Dementia patients are often susceptible to mood, behavioral, and physical health changes that are associated with changing seasons (i.e. from fall to late fall and winter). It is important for care providers of a loved one with dementia to understand how changing seasons can affect someone with dementia and what can be done to help prevent any concerns from developing.
Sundowning is a common symptom of dementia in which the individual’s mood and behavior begins to change as the sun goes down, especially when the seasons change and the amount of daylight decreases. Symptoms that may present while an individual with dementia is experiencing sundowning include:
Sundowning can occur during any stage of dementia. However, it is most common in patients who are in the middle stages. This condition can place a burden on caregivers right as they are in need of a break at the end of a day.
Seasonal Affective Disorder (SAD) Explained
Seasonal affective disorder, also called SAD or seasonal depression, can be defined as a form of depression that occurs when the sun goes down earlier than usual during changing seasons; changing weather conditions may also play a role in the onset of seasonal affective disorder. Symptoms of SAD in dementia patients may include:
- Social withdrawal
- Cognitive disturbances
- Feeling hopeless
Being aware of seasonal affective disorder and watching for signs is important when caring for someone with dementia. The condition can be managed through self care, therapy, and medication.
Tips For Dealing With Changing Seasons When Caring For Dementia Patients
Changing seasons can be a real challenge for dementia patients and their caregivers, but the good news is the risk of complications can be reduced by understanding the signs and taking action if any concerns develop.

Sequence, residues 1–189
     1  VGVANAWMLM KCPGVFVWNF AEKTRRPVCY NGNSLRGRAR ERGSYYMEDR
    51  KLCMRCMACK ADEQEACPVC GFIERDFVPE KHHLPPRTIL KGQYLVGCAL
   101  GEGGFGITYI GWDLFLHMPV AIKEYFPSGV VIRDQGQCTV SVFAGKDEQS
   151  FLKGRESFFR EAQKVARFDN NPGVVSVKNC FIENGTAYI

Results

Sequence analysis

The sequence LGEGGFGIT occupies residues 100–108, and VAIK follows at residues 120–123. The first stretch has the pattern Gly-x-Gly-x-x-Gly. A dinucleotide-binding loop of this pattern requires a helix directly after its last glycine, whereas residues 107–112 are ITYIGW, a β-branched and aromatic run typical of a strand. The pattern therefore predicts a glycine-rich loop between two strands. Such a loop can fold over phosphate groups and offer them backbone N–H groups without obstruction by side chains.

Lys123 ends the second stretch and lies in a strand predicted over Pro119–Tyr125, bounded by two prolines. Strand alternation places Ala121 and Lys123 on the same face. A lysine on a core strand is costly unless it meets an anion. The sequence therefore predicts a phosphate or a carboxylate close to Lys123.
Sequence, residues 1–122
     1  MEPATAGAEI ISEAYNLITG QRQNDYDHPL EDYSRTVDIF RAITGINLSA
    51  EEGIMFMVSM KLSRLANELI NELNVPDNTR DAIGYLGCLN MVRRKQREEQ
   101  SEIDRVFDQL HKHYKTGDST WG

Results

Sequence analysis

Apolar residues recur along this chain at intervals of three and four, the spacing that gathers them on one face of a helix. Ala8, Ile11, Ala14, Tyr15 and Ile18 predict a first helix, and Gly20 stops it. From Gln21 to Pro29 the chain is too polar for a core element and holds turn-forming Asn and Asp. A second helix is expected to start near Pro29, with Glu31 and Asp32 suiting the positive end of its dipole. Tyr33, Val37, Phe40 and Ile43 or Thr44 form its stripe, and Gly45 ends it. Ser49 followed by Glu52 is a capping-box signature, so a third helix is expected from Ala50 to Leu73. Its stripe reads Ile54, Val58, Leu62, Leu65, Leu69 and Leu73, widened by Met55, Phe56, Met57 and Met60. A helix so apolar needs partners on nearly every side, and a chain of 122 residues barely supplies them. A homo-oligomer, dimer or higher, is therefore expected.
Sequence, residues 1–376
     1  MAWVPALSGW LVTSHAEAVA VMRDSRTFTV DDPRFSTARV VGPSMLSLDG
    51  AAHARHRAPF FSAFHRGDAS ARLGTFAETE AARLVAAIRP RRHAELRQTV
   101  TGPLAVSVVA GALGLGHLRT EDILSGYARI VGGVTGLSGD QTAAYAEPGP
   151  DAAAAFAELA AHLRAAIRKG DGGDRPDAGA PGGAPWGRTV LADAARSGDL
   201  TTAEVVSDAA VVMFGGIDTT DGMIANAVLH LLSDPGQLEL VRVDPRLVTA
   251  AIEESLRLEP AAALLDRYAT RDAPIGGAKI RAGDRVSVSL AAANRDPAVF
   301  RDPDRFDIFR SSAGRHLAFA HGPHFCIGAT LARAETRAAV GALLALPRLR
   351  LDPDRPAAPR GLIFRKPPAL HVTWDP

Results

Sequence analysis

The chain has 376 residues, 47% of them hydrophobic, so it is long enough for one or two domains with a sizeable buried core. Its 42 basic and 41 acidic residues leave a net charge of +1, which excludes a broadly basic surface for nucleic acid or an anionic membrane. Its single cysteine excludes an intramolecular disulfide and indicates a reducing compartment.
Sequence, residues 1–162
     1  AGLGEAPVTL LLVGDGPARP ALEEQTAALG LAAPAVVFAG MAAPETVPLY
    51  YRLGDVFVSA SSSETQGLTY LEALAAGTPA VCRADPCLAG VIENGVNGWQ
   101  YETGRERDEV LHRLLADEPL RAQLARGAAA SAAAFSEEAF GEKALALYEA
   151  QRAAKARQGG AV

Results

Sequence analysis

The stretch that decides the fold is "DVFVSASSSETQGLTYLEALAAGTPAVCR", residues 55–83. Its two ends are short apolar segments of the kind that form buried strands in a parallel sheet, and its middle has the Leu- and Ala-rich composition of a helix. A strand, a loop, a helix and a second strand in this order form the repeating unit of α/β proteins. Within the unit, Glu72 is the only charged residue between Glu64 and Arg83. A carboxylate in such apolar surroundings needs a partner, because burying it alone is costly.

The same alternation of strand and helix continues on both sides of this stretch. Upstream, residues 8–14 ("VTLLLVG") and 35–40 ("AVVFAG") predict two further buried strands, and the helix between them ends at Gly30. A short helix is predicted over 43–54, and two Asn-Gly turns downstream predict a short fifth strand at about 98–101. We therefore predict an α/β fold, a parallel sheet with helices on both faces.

Specifically, it can help to ensure your loved one keeps a stable daily routine (especially at night), has a calm environment around the time of sunset, and gets the opportunity to spend time outside each day (or each week). Of course, it is also encouraged to work with care professionals (e.g. hospice or palliative care) who understand how to prevent and manage mood and behavioral changes when the seasons change.
Keep A Stable Routine
There is a tendency to want to change the routine of a loved one with dementia to compensate for the changing environment. However, it is important to keep following your loved one’s routine when the seasons change.
For example, if your loved one generally has dinner at 5:00 PM, watches television after dinner, and goes to bed by 8:00 PM, then it is important to continue this routine, rather than having them go to bed earlier since the sunset is much earlier in the evening. Although there may be an adjustment, keeping the same routine can help fight off a change in mood as the weather and time changes.
Keep a Calm Environment Close to Sunset
In addition to keeping a stable and consistent routine, it is also helpful to have your loved one do something calm in the evening close to sunset. For example, it may help to have your loved one listen to some calm music, enjoy a cup of tea, and work on a puzzle. This keeps their mind active and relaxed before bedtime, which can help prevent sundowning or seasonal affective disorder.
Spend Some Time Outside
Vitamin D levels are important for maintaining healthy melatonin levels, which are important for a good night of sleep each night. It is important for patients with dementia to get some sunlight each day. Ideally, this should include exercise if your loved one is able to do so safely.
An easy walk around the block is all that is usually needed. If exercise is not a viable option, then simply having a cup of tea on the patio is a great way to get vitamin D from sunlight and maintain a healthy and active daily routine that helps to fight off seasonal affective disorder or sundowning when the seasons change.
How Hospice Care Can Help Provide Care for Dementia Patients
Caring for a loved one with dementia is a lot of work and can be a huge burden to try and carry alone. Serving as the primary caregiver can cut into the meaningful time you could otherwise spend with your loved one. Due to this, it is recommended to consider how hospice care can benefit you and your loved one with dementia.
Contact Harbor Light Hospice to Get Started
Harbor Light Hospice offers hospice care for dementia patients, which includes assisting with needs associated with changing seasons. To learn more about hospice care and to find out if it is right for you and/or your loved one, then call our professional and experienced team today.